Cooking Under Pressure (20th Anniversary Edition)

Cooking Under Pressure (20th Anniversary Edition)

3.2 10
by Lorna J. Sass
     
 

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From the leading authority on speed cooking comes the groundbreaking cookbook that inspired a generation of cooks—now updated and revised for today's tastes and sleek, ultrasafe machines

From the elegant to the ethnic to the traditional, Cooking Under Pressure contains a wealth of flavor-packed recipes for fast, healthy, and delicious meals

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Overview

From the leading authority on speed cooking comes the groundbreaking cookbook that inspired a generation of cooks—now updated and revised for today's tastes and sleek, ultrasafe machines

From the elegant to the ethnic to the traditional, Cooking Under Pressure contains a wealth of flavor-packed recipes for fast, healthy, and delicious meals developed for the modern pressure cooker—a magical appliance that turns out foods in one-third (or less) the standard cooking time without sacrificing flavor or aroma. Lorna Sass introduces us to an eclectic array of dishes that can be prepared on a whim, including classic osso buco (18 minutes), chicken gumbo (9 minutes), and risotto (4 minutes, without stirring!). Even chocolate cheesecake and Grand Marnier bread pudding are done to perfection in short order. Plus, the dramatically shortened cooking times make it possible to prepare cholesterol-free, high-fiber ingredients such as grains and beans at the last minute. The pressure cooker is the cook's best friend!

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Editorial Reviews

Marion Nestle
“Sass makes it clear that good food can not only be delicious, but instantaneous and healthful for eaters as well as the planet… Anyone who doesn’t own a pressure cooker will want one right away.”
Peter Berley
“In her classic book, Lorna Sass dazzles us with her time- and energy-saving techniques and fabulous recipes, from soup to risotto, brisket to cheesecake. Bravo!”
SeriousEats.com
A SeriousEats.com best cookbook of 2010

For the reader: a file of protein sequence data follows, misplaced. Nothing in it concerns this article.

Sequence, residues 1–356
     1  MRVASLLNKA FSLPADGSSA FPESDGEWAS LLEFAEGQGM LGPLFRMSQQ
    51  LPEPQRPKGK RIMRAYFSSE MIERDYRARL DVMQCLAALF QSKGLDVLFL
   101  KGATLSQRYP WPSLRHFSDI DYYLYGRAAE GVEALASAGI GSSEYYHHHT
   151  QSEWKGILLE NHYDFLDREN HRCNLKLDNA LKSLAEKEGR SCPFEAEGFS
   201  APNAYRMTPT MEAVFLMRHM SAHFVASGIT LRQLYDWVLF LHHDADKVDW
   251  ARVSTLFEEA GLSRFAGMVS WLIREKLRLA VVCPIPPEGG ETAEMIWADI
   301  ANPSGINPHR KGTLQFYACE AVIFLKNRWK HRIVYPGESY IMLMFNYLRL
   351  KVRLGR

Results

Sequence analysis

Judith Barrett
The pressure cooker is the best shortcut for cooking risotto. If you follow Lorna Sass's directions, you'll have a true risotto, with just the right texture and consistency, in less than half the time of the traditional stirring method. —Risotto
Paula Wolfert
At last, the cookbook I've been waiting for, and how well it fills a major gap in my library—a cookbook with good stories, practical information, and delicious food.
Pierre Franey
For saving time and for serious cooking, I much prefer the pressure cooker to a microwave oven. I love these recipes for their variety and rich taste.
Annemarie Colbin
This book is a real treat! I'm especially delighted with all the terrific grain, bean, and vegetable recipes. I'll be using my pressure cooker a lot more often now, thanks to Lorna.
Suzanne Hamlin
Lorna Sass provides total kitchen therapy for those with a fear of pressuring. Now the pressure is on to cook these marvelous, innovative recipes. —New York Daily News
Publishers Weekly - Publisher's Weekly
Just when we had come to accept the microwave oven as the ultimate cooking machine, food historian Sass (Dinner with Tom Jones) has rediscovered the pressure cooker, recently reincarnated in sleek new forms for the 1990s kitchen, "where cooking under pressure has already become a way of life.'' Sass has figured out how to prepare pea soup, applesauce and pearl barley in the pressure cooker without the threat of shrapnel in the kitchen. Her recipes are seductive, ranging from the homey and familiar (Brunswick stew, nine minutes) to the slightly more mod erne (turnips with orange-mustard sauce, two minutes). Chapters on beans, rice and risotto, and grains are so enthusiastically instructional that some pressure-cooker converts may unwittingly create 12 dishes (all in less than 60 minutes) in their haste to taste Sass's creations. Vegetables are fully explored in their own chapter, and bread puddings and cheesecakes highlight the desserts section. Sass convincingly presents her case in an introductory "Pressure Cooker Primer,'' and offers helpful "cooking times at a glance'' charts throughout. Initial sauteing times, though, are misleadingly omitted. (Nov.)
Library Journal
It makes sense that the lowly pressure cooker has been rediscovered, for it is perfect for today's busy cooks. Sass's cookbook, the first one in years on the subject, is a valuable primer to this new/old kitchen tool. She tells how to get the best results from pressure cooking; provides guides to preparing all sorts of vegetables, beans, and grains; and includes a wide variety of recipes. Some are for hearty (but not heavy) soups and stews; others are for more glamorous dishes; all are full of flavor but generally uncomplicated. Strongly recommended. Better Homes & Gardens and Homestyle Book Club alternates.